Have you visited the Sant Ocean Hall?

I’m lucky enough to live and work in the DC metro area, one of the biggest reasons I love this city (besides being able to feel the thrill and excitement of the Inauguration this past weekend) is the access to free museums. If you’re an ocean lover you might be surprised to know that there are some great spots to visit in DC in between all of the historical monuments you’re checking out. One of my favorite spots to check out on a rainy afternoon in the extension of the National Aquarium on 14th Street. Another fantastic spot would be the Sant Ocean Hall in the Smithsonian Institute’s National Museum of Natural History. It is the largest and one of the newest exhibits in the museum and contains over 674 specimens, including a replica of a 45-foot-long North Atlantic Right Whale (pictured below), fish x-rays, a scalloped hammerhead (below),  and a giant squid! I cannot wait to visit next month when there’s an exhibit of underwater pictures by Brian Skerry (check out his National Geographic Ocean Soul book here). The next time you’re in DC you have to make a point to visit, as they say “like the real ocean, the deeper visitors explore – the more they will discover”. My two-year old loved all of the interactive exhibits and the space was buzzing with enthusiastic school children. I was particularly happy that the exhibit hall was large enough that we were never on top of anyone and could always escape the ‘enthusiastic school children’. Here are some pictures from my visit on Friday.






Don’t be blue!

The annual BLUE Film Festival was held from August 24-29 in beautiful Monterrey, CA. The event is sponsored by the Monterrey Bay Aquarium and has recently become more and more mainstream attracting many high profile ocean community celebrities. The winner of the festival last year, The Cove, even won an Oscar for best documentary!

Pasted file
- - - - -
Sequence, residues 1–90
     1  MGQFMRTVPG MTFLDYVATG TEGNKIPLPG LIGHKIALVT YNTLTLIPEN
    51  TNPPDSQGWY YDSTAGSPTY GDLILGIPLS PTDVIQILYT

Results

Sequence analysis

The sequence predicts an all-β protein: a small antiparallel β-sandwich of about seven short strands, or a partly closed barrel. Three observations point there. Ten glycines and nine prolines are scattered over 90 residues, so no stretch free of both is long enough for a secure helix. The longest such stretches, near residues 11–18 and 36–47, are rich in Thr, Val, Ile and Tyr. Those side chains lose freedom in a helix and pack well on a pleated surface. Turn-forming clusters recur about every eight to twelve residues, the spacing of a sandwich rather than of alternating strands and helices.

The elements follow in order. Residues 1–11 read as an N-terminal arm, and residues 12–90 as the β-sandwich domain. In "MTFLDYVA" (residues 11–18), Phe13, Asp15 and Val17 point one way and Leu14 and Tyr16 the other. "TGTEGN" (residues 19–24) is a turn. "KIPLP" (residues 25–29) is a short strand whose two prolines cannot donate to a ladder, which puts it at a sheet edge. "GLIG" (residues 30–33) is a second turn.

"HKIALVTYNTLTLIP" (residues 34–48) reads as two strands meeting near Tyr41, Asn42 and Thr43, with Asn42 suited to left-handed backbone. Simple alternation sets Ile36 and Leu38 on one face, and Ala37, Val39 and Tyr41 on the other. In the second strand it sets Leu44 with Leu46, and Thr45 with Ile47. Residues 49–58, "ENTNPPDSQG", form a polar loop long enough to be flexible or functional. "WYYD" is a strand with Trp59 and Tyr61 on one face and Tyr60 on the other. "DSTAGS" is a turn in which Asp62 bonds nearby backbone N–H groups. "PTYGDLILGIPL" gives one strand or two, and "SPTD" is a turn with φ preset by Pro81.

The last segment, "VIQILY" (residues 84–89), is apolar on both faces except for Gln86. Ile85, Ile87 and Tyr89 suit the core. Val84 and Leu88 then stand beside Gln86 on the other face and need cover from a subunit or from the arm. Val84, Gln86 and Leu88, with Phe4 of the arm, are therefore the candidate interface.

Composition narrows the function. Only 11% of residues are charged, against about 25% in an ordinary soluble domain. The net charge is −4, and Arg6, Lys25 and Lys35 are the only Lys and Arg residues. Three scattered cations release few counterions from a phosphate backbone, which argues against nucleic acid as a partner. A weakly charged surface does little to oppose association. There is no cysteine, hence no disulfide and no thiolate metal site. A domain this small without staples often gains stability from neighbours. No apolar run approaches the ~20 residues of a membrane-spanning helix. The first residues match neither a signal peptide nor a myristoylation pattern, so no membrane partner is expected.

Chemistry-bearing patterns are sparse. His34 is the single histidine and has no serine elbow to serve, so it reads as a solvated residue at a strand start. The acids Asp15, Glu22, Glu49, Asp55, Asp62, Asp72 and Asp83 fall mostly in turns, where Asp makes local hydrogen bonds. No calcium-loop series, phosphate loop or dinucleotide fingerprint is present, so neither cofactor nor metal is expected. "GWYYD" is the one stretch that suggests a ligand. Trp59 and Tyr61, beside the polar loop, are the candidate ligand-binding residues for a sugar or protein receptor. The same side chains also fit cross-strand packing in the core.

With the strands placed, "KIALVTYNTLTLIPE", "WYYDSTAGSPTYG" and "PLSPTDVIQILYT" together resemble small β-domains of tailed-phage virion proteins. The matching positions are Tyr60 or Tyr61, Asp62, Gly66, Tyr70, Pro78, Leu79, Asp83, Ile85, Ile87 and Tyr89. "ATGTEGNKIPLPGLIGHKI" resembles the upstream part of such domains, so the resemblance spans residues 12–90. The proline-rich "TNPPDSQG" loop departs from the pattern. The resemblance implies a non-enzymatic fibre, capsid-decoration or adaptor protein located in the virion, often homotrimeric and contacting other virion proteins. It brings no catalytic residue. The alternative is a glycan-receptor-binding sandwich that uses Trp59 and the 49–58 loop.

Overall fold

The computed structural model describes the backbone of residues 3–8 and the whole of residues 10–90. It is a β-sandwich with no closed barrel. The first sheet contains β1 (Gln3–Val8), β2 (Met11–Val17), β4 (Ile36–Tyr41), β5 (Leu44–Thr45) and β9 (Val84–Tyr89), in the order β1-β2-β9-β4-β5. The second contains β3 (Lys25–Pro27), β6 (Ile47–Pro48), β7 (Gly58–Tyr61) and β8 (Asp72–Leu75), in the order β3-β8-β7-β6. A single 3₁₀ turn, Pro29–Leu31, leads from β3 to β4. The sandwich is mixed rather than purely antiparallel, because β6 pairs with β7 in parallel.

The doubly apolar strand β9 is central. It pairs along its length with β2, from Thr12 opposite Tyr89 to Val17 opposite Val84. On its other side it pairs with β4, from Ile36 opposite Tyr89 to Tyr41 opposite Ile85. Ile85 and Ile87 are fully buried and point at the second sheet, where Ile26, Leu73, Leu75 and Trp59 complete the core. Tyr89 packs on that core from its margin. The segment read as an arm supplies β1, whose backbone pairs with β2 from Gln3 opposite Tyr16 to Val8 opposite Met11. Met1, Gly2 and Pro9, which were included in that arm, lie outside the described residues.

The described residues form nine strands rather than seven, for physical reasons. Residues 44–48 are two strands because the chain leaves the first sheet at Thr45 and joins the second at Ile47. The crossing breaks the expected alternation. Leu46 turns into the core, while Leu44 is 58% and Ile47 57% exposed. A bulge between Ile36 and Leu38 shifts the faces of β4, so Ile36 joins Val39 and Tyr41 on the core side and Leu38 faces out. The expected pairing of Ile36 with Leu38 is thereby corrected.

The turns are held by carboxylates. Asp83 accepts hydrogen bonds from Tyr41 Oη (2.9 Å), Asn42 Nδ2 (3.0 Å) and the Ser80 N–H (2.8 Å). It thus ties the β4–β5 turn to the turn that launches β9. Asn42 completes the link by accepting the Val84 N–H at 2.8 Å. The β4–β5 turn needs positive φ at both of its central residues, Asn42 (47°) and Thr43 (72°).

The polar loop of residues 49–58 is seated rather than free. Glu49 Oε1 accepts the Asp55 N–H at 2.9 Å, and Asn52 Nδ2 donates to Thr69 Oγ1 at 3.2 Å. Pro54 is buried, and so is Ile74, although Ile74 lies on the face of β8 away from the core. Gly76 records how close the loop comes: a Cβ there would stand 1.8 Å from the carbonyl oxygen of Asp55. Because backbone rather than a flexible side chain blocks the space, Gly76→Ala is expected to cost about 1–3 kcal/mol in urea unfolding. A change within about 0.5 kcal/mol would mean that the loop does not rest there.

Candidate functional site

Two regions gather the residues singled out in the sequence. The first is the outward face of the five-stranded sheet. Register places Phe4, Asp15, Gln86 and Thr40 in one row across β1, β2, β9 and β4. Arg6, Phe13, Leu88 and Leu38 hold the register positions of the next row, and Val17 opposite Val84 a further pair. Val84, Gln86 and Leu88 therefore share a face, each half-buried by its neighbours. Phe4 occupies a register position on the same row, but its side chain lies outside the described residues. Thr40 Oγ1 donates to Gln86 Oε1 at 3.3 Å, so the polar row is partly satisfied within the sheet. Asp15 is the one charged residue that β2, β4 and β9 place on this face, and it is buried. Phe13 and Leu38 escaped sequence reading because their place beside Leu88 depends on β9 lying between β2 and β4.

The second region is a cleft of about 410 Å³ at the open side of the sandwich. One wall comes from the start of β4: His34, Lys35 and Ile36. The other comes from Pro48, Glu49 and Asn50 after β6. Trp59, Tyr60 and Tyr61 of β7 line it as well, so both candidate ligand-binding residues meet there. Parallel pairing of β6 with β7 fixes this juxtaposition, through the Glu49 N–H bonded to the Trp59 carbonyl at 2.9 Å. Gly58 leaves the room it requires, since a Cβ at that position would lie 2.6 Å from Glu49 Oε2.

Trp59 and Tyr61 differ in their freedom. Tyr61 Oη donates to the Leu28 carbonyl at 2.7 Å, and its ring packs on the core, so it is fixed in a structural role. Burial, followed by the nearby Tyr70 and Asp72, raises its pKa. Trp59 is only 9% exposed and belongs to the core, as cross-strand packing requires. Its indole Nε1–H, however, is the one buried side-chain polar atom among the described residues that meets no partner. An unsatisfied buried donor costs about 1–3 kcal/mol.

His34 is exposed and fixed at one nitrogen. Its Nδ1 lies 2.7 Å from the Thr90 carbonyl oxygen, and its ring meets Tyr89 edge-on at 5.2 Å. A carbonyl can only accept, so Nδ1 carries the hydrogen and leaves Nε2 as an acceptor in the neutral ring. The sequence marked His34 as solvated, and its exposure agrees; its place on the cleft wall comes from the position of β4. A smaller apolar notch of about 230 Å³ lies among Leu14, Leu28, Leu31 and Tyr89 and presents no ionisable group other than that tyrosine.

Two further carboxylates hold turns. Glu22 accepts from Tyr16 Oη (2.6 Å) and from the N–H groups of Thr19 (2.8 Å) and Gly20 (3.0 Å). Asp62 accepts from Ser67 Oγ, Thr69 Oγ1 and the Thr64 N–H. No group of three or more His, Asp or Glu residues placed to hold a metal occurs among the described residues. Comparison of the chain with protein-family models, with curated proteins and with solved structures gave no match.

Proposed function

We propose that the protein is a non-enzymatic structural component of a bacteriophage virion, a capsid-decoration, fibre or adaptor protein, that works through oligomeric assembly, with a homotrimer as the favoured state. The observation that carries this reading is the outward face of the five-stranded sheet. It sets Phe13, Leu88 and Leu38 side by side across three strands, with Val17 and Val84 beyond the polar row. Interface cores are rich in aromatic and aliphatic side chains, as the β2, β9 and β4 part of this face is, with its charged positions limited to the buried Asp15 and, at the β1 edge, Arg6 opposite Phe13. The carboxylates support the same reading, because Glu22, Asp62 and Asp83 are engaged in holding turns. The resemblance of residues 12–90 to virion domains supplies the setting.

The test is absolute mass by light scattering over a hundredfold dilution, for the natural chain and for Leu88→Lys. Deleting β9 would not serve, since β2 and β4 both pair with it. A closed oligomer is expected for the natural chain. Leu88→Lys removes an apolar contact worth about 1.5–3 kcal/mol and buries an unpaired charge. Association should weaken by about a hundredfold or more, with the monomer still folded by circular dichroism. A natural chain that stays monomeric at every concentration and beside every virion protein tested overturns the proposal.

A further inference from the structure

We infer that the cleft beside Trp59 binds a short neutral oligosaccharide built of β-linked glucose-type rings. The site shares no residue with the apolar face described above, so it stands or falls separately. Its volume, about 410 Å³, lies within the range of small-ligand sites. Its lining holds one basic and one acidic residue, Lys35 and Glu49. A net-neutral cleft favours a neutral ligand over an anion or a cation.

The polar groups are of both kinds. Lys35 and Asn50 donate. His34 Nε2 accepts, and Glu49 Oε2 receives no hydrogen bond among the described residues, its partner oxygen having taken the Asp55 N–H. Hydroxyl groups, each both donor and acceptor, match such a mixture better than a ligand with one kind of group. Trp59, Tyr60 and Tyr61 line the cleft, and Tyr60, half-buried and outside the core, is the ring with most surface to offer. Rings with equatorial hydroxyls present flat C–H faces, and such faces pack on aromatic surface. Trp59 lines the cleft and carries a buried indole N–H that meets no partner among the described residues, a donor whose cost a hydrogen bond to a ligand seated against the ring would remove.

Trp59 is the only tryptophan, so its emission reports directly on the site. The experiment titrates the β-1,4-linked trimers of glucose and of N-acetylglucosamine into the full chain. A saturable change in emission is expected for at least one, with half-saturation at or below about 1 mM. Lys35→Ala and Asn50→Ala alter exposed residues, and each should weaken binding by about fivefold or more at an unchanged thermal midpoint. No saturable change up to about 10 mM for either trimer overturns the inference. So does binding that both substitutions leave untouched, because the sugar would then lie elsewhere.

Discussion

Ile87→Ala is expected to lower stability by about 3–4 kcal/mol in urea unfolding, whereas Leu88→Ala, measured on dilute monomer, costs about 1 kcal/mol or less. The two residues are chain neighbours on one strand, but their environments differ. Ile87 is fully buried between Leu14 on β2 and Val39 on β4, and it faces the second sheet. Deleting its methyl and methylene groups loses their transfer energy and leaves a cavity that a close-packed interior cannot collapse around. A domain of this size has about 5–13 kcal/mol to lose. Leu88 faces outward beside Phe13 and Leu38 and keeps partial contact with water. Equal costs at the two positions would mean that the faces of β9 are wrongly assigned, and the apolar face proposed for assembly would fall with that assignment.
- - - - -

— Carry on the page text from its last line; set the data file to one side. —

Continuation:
I thoroughly enjoyed reading Rick MacPherson’s overview of his time there this year as he recounted how Julie Packard, Executive Director of Monterrey Bay Aquarium, challenged the highly talented and knowledgeable audience on how to engage the public to “care enough to do something about it”. Sometimes it seems as though we try and try and still make no headway.

Of course, in the past thirty years the movement to create a public that cares certainly has taken some giant leaps forward. We’ve been made aware of the bountiful wonders of the ocean and there is a collective knowledge that the ocean is in peril. But, that is only the beginning. Attitudes, skills and participation must be challenged as well. How that happens and where it begins is a perplexing question and unique to each individual.

For instance, not too long ago, I asked some colleagues to see how they got a foothold into the environmental education field and mostly the answers did revolve around wanting to teach others about what we love: woods, mountains or oceans.

With me it has been the sense of place. People have linked a strong sense of place as a child to advocacy efforts in adulthood. For instance, would I be as interested in the ocean and fishing communities if I did not grow up in Cape May County, New Jersey? (In 2009, Cape May County was the fourth largest valuable fishing port in the United States.)

Maybe how we, the ocean advocacy community, begin to think about challenging attitudes, skills and participation levels is to remain optimistic. However, this is more often than not a very difficult task (I am about to have my first child so I am all about remaining optimistic and hopeful for the future).

But, in an effort not to let ourselves get too blue, here is a list of accomplishments that would not have occurred without such a dedicated ocean community:

This is only a fraction of what has been accomplished! Have another success story? Please add it in the comments to keep the momentum going strong. Thanks!

Image (c) http://www.vimooz.com